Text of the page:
Cloudcast: Demystifying SaaS, PaaS and IaaS

Cloud computing can be broken down into roughly three categories. Many of us use simple cloud services on a daily basis without even realizing it, while enterprise customers utilize the cloud to host their entire infrastructure. Some cloud platforms offer a mix of proprietary development and applications, while others are simply subscription-based services. To designate these different forms of cloud computing, three terms have arisen, Saas, Paas and Iaas. These stand for Software-as-a-Service, Platform-as-a-Service and Infrastructure-as-a-service, respectively. These terms, while they may seem confusing, can be found in the most popular services used by every day people.

Software as a Service is the most basic form of cloud computing. There is no third-party development or resources for the user, but Saas applications can offer powerful tools right from your web browser. The best example of Saas is Google Docs. Google Docs is a productivity-suite that is free for anyone to use. Creating a Google account is free, and all you have to do is login to and you instantly have access to a powerful word processor, spreadsheet application and presentation creator. These online services provided by Google are managed directly from the web browser and require zero installation. You can access your Google Docs from any computer or mobile device with a web browser.

Google Docs, Dropbox,, and Freshbooks are all applications that qualify as Saas. All of these applications are either free to use, or offer more features at a paid subscription price. Another advantage of Saas applications is the ability to collaborate with others cheaply and from any location. If a company is seeking to customize a cloud service or create its own cloud applications, this will require the next step in cloud services known as Paas.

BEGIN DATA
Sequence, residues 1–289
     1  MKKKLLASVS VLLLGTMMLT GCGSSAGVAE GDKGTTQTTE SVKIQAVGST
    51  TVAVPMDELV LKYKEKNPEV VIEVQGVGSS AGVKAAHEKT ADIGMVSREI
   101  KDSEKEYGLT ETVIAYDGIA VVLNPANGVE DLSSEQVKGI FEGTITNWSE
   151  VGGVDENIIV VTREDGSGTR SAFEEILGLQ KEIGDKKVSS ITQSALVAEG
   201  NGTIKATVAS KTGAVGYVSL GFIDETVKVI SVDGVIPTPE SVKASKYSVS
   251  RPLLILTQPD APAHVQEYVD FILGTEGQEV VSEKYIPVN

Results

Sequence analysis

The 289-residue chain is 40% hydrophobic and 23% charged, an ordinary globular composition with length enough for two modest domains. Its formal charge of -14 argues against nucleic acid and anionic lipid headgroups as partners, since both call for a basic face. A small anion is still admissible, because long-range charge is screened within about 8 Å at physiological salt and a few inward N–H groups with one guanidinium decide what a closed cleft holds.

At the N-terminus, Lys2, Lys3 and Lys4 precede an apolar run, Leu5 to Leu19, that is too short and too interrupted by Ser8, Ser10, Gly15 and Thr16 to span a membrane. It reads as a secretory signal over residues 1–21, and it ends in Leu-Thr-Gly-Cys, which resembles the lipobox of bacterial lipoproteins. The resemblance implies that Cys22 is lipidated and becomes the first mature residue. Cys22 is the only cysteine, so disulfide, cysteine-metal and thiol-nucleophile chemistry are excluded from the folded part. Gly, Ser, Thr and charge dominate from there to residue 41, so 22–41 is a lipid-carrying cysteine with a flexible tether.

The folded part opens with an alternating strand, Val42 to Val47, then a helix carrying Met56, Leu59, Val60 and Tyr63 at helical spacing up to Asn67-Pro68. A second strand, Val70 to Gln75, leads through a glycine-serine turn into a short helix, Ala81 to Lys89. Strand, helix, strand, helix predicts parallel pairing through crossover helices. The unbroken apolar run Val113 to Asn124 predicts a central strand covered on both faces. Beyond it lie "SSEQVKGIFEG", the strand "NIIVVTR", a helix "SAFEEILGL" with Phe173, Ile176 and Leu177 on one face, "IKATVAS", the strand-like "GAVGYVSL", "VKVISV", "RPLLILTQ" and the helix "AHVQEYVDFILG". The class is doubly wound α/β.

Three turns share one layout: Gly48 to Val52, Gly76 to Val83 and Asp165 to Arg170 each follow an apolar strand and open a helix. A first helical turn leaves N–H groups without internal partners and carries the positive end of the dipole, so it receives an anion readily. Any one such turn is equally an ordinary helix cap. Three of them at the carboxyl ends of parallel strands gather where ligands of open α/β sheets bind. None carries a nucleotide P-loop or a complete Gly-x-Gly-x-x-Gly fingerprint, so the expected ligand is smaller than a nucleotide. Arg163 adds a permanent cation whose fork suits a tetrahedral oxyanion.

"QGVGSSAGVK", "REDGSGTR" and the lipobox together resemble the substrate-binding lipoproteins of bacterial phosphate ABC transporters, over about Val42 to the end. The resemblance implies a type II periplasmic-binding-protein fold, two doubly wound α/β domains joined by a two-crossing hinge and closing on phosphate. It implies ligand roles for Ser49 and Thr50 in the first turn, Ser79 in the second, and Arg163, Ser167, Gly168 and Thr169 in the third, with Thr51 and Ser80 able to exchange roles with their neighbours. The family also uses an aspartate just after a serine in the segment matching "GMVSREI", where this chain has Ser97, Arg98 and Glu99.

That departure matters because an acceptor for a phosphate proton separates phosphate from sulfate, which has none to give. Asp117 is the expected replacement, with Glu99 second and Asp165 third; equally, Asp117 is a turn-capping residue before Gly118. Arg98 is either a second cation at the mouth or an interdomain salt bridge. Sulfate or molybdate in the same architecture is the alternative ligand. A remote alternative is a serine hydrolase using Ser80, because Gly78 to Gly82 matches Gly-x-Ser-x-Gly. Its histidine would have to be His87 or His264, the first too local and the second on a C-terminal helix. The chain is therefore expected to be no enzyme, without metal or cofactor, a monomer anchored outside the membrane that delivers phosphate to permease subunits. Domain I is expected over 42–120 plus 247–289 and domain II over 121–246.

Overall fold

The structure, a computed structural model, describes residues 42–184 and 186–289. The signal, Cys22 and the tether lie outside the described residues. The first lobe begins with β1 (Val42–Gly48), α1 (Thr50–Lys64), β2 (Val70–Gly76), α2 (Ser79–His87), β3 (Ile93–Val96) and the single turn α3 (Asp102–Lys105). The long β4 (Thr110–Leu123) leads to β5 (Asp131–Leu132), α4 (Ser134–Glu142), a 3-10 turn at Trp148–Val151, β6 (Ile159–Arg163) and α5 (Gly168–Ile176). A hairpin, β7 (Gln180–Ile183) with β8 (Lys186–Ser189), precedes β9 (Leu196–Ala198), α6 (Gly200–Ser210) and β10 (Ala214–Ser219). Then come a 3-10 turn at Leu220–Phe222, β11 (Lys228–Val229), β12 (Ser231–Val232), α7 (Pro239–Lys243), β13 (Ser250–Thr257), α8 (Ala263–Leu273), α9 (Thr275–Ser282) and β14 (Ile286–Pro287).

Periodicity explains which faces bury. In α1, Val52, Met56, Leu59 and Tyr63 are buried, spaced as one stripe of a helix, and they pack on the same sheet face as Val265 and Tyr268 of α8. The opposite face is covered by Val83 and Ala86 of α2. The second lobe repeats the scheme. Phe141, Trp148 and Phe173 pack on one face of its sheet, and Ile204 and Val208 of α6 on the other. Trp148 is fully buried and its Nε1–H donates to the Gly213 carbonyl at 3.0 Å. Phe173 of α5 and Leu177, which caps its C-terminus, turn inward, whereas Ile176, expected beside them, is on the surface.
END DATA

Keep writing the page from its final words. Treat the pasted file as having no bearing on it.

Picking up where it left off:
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Alex Carroll

Alex Carroll

Managing Member at Lifeline Data Centers
Alex, co-owner, is responsible for all real estate, construction and mission critical facilities: hardened buildings, power systems, cooling systems, fire suppression, and environmentals. Alex also manages relationships with the telecommunications providers and has an extensive background in IT infrastructure support, database administration and software design and development. Alex architected Lifeline’s proprietary GRCA system and is hands-on every day in the data center.